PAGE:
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Comment Re:pulp and rubbish (Score 1) 428 428

Just sending of classified emails is not the issue. I deal with information that would be classified as confidential and secret all day. I know you can email some classified data around (when the proper encryption methods are used). Of course I only use secure servers and only send to authorized receivers on other trusted servers. The problem is with retention.

Having an unauthorized server retain ANY classified information is a violation of several statues and governmental rules.

Which would be a much more compelling argument if a) the authority doing the authorizing wasn't the Secretary of the relevant department, meaning that any server Hillary Clinton used was by definition authorized, and b) anyone thought to nail Colin Powell for the same damn thing.

And this wasn't just data Hillary classified, the information in question was considered classified by the various intelligence agencies. Some of it included minute by minute details as to the whereabouts of Ambassador Stevens and his team.

Whose classifying the whereabouts of a State Department Ambassador if it isn't the State Department?

Comment Re:pulp and rubbish (Score 1) 428 428

It's irrelevant whether they were emails about the State department. "I'm at work, I'll take a break at 3 PM, call me then" is both about the State Department and not an email the government actually has the capital-P power to force you to archive.

To actually win the point you'd have to show the email a) fit the legal definition of "work document," and wasn't some perfectly legal off-the-books gossip, and b) the definition of work document was Constitutional.

Given that Hillary's actually a lawyer, whose very good at coming right up to the line of legality and not crossing it (or she'd be in jail already), you're just not making a credible argument here. You're a random guy on the internet, arguing that one-half of a power couple known for being the Lebron James of technically not breaking the rules (as is proven by a) their continued presence in numerous media scandals, without b) getting in any actual legal trouble) actually rules broke the rules, and the only rule you can actually name (the Federal Records Act) is one she complied with.

Comment Re:BBC / other state broadcasters? (Score 4, Interesting) 132 132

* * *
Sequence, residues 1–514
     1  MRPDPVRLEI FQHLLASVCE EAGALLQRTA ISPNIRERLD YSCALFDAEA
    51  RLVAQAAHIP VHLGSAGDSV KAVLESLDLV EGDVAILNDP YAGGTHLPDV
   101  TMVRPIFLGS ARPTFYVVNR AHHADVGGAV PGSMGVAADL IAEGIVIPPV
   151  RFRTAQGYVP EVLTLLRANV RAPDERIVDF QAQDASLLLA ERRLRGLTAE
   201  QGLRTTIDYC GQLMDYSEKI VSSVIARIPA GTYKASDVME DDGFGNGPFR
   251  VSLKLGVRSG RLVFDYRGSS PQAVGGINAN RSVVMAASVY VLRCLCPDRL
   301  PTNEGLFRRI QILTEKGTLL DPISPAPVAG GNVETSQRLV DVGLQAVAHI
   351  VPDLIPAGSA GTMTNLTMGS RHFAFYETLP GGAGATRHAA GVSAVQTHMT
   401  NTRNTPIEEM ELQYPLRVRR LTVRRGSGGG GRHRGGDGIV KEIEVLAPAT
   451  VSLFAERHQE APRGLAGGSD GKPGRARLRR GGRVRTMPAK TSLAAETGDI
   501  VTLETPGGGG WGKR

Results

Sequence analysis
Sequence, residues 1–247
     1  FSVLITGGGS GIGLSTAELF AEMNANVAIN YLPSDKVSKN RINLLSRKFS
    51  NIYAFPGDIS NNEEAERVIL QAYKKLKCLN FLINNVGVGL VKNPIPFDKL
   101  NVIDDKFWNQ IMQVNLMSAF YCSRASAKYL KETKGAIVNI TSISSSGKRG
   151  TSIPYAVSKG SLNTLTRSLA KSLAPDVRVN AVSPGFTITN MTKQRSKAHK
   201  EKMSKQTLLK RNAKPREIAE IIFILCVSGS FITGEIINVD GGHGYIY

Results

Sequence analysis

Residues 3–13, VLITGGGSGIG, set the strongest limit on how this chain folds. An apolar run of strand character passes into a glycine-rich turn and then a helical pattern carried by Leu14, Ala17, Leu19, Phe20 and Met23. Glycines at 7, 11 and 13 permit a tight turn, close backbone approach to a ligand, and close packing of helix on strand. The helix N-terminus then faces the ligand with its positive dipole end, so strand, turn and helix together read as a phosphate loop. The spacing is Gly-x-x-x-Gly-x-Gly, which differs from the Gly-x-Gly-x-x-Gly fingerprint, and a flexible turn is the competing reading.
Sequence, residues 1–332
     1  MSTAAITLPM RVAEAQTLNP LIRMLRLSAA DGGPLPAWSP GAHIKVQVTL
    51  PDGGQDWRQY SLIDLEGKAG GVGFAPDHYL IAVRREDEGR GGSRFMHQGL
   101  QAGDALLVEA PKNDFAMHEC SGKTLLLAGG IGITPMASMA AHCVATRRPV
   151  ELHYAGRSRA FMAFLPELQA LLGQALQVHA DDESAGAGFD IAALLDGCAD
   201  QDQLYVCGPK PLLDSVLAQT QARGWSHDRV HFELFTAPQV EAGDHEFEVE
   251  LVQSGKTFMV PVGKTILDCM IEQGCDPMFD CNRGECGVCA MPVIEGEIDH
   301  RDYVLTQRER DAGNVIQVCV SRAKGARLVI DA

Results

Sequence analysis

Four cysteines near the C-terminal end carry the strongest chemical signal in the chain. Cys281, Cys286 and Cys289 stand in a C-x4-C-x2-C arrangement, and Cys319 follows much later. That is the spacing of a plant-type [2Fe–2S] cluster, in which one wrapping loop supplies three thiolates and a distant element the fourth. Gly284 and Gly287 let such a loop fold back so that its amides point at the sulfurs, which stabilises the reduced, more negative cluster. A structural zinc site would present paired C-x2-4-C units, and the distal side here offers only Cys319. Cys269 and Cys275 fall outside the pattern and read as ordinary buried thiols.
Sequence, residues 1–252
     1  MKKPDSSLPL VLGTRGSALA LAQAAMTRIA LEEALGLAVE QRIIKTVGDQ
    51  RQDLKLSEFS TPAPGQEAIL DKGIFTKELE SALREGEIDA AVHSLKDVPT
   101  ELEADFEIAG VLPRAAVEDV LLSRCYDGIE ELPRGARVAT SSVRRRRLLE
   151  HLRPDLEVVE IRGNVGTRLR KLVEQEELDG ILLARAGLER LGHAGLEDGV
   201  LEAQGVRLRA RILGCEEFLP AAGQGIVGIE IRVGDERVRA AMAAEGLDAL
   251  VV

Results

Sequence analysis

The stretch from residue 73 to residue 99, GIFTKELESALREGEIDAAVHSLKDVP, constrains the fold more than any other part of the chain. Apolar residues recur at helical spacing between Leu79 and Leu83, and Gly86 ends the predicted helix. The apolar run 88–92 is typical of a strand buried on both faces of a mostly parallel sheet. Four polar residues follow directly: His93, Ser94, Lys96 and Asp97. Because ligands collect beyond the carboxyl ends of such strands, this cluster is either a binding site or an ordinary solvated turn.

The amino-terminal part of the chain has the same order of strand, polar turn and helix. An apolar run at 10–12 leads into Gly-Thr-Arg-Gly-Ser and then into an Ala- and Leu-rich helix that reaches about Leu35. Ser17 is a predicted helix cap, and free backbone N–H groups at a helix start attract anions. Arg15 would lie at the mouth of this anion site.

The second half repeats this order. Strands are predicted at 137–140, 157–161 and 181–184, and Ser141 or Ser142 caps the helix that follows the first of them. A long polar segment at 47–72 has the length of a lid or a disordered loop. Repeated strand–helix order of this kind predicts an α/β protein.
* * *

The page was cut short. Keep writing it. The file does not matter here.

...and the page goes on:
Ever heard the phrase "Divided by a common language?"

In British English a member of "the government" is not a Bureaucrat with a public service-style salary, it's the Prime Minister and his Cabinet. Where they use "government" we'd use "Administration" (as in: the Obama Administration).

So you basically just said that the Right Honorable David Cameron, Prime Minister of the United Kingdom of Great Britain and Northern Ireland; actually has control over what the BBC does. He does not. No Prime Minister ever has. And in several recent memorable cases (in particular the run-up to the Iraq War) the Beeb took a stronger line against the Prime Minister (and this in British English, agains the government) stance then our non-governmental independent media did.

Even assuming that you actually meant 'government' in the American sense of a public bureaucracy, it's not really in business. The BBC is pretty much the only broadcaster, and is the only English-language broadcaster, that has 54 African correspondents for 54 African countries. If something interesting happens in Zambia the non-business BBC will immediately have a reasonably intelligent (tho not necessarily pretty) person posting to their website, appearing on their broadcasts, etc. Which is low ratings, and high cost, thus bad business; but tends to produce excellent journalism.

OTOH, Fox and CNN tend to have a stable of a dozen or so photogenic blondes who get air-dropped to trouble-spots, who compare everything to Iraq or Afghanistan because their entire career consists of spending time with our boys in those countries. It's low-cost, and high-ratings; thus good business. Then they juice the ratings more by adding heavy doses of partisanship. The business side gets even better if they can force some extremely dramatic turn of events that will keep people glued to their screens due to the constant potential for mass death.

Currently their business plan to do juice ratings is relatively harmless but incredibly fucking annoying ("Go go Donald Trump!"), but in the run-up to that Iraq War...

Comment Re:BBC / other state broadcasters? (Score 1) 132 132

Two problems:

1) There are real IT costs associated with streaming to a half-billion people instead of 60-65 million.

2) A chunk of the Beeb's budget is selling shows like Dr. Who to European networks. If everyone in Germany can watch Dr. Who on the internet, then Vox's license isn't worth much, and the BBC loses money.

Which is probably why they specifically exempt the BBC. Other English-language networks will have the same problem, but can probably solve it by some contract renegotiations (ie: NCRV gets to set up the Dutch servers that stream Downtown Abbey, sell ads on the show, and send a cut to ITV, all without you the end-user figuring it out).

Comment Re:BBC / other state broadcasters? (Score 1) 132 132